The United Nations human rights office today voiced its “deep dismay” over the execution of a young Sri Lankan domestic worker, Rizana Nafeek, in Saudi Arabia earlier this week.
“We are deeply troubled by reports of irregularities in her detention and trial, including that no lawyer was present to assist her in key stages of her interrogation and trial, that language interpretation was poor, and Ms. Nafeek's contention that she was physically assaulted and forced to sign a confession under duress,” Rupert Colville, a spokesperson for the Office of the UN High Commissioner for Human Rights (OHCHR), told a news briefing in Geneva.
Ms. Nafeek, who arrived in Saudi Arabia from Sri Lanka to work as a housemaid in 2005, was charged with the murder of her employers' baby a week after her arrival. She was executed on Wednesday.
“Despite a birth certificate that allegedly showed she was a minor at the time of the baby's death and repeated expressions of concern from the international community, she was convicted of murder, sentenced to death and beheaded,” Mr. Colville noted.
In November 2010, the Special Rapporteur on extrajudicial, summary or arbitrary executions, Christof Heyns, sent an urgent appeal in connection with Ms. Nafeek's case. In June 2007, his predecessor, Philip Alston, had raised concerns about the imposition of the death penalty for an alleged crime committed when Ms. Nafeek was still below eighteen years of age.
Independent experts, or special rapporteurs such as Mr. Heyns and Mr. Alston, are appointed by the Geneva-based Human Rights Council to examine and report back on a country situation or a specific human rights theme. The positions are honorary and the experts are not UN staff, nor are they paid for their work.
“We note with great concern the sharp increase in the use of capital punishment in the Kingdom of Saudi Arabia since 2011,” Mr. Colville said. “We call on the Kingdom of Saudi Arabia to join the growing world's movement away from the death penalty.”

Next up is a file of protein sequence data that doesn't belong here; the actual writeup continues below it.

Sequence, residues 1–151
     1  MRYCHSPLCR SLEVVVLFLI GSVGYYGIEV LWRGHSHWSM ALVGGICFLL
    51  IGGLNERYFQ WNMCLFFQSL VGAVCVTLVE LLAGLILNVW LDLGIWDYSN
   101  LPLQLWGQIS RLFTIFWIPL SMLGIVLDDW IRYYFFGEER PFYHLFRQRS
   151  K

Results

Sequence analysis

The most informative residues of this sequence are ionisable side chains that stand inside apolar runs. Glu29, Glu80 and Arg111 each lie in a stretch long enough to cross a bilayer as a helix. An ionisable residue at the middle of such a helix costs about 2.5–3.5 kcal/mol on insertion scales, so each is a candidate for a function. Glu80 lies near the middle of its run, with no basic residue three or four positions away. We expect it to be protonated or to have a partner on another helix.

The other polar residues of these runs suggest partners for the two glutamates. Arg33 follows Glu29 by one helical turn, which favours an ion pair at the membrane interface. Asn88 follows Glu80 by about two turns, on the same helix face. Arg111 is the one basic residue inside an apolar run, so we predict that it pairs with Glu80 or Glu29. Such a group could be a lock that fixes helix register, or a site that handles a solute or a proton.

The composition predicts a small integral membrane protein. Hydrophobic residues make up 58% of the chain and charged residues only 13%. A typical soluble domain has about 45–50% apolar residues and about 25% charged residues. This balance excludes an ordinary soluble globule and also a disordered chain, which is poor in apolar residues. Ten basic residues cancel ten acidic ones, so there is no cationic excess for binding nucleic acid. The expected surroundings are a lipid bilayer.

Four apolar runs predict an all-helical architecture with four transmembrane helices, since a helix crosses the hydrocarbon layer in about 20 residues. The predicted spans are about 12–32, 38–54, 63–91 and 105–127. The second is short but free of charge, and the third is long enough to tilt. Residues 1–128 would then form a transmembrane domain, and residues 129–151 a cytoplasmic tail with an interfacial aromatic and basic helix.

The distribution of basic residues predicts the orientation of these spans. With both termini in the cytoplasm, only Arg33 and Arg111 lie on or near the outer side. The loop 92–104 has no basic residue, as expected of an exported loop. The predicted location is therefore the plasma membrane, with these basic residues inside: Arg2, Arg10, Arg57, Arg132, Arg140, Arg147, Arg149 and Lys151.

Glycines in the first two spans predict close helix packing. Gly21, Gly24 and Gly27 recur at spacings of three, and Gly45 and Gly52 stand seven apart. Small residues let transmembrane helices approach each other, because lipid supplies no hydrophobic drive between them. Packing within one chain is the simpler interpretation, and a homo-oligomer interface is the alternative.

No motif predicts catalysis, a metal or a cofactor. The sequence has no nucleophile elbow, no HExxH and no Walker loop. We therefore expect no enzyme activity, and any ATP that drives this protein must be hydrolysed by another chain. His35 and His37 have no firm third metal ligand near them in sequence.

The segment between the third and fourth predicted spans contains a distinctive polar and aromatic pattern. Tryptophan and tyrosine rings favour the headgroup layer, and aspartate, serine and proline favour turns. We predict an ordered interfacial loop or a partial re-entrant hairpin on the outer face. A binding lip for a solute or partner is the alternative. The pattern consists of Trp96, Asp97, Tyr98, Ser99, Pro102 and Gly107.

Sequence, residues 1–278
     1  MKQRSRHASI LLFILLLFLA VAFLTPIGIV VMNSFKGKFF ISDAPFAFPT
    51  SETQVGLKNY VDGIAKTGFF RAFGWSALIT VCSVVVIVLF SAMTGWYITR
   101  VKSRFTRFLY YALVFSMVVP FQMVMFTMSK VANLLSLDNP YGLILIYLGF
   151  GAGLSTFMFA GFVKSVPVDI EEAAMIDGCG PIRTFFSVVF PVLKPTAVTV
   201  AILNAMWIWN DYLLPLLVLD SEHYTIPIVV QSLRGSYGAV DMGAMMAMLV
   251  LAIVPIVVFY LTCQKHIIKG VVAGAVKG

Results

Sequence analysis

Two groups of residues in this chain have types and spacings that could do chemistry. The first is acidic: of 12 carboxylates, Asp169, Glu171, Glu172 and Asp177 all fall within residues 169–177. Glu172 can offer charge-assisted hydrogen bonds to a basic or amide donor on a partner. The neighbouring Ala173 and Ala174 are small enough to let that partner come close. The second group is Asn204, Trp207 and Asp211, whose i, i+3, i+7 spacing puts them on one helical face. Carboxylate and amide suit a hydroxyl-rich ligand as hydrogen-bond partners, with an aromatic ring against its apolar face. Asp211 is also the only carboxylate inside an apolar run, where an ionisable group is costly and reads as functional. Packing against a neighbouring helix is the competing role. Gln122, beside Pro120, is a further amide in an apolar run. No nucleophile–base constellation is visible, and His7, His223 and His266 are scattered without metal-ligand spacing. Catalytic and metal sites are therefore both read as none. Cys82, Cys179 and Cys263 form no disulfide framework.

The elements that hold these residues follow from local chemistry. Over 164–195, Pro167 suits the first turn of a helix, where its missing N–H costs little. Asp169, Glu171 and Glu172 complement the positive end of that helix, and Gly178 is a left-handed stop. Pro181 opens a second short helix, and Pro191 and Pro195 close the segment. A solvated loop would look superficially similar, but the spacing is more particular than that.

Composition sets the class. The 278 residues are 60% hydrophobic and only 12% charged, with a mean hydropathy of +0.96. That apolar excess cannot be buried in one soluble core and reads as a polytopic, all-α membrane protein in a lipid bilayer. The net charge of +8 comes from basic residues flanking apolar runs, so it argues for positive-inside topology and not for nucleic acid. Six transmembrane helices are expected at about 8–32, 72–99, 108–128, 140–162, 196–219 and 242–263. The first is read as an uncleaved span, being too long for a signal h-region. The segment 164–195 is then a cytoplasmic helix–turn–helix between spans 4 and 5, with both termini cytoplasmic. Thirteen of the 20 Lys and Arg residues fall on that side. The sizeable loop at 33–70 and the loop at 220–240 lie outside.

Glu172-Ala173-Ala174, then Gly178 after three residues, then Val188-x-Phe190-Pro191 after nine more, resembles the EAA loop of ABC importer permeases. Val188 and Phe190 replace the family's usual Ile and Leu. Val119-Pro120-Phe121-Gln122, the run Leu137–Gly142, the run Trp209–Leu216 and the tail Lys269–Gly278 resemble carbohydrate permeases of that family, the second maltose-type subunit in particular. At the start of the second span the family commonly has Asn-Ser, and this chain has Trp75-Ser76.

The spokesperson also noted that the High Commissioner – Navi Pillay – strongly supports the global movement away from the death penalty, and was pleased that a clear majority of UN Member States had recently voted for a General Assembly resolution which calls for a moratorium on the death penalty.
On 21 November last year, the Assembly adopted the non-binding resolution by a recorded vote of 111 in favour to 41 against, with 34 abstentions. In it, the Assembly expressed its deep concern about the application of the death penalty, and called on States to respect international standards providing safeguards guaranteeing the protection of the rights of persons facing the death penalty.
States were called on to not impose capital punishment for offences committed by persons below 18 years of age and pregnant women, as well as urged to reduce the number of offences for which the death penalty might be imposed and establish a moratorium on executions with a view to abolishing the death penalty.
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